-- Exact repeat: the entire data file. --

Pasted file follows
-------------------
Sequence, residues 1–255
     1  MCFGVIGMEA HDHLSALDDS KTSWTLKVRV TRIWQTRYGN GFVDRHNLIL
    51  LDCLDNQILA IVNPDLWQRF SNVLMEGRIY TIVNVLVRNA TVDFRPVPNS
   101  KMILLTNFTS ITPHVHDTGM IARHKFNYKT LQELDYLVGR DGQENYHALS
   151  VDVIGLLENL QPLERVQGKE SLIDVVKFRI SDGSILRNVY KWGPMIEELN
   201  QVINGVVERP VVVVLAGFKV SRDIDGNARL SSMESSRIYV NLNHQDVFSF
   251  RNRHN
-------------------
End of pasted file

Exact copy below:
Sequence, residues 1–255
     1  MCFGVIGMEA HDHLSALDDS KTSWTLKVRV TRIWQTRYGN GFVDRHNLIL
    51  LDCLDNQILA IVNPDLWQRF SNVLMEGRIY TIVNVLVRNA TVDFRPVPNS
   101  KMILLTNFTS ITPHVHDTGM IARHKFNYKT LQELDYLVGR DGQENYHALS
   151  VDVIGLLENL QPLERVQGKE SLIDVVKFRI SDGSILRNVY KWGPMIEELN
   201  QVINGVVERP VVVVLAGFKV SRDIDGNARL SSMESSRIYV NLNHQDVFSF
   251  RNRHN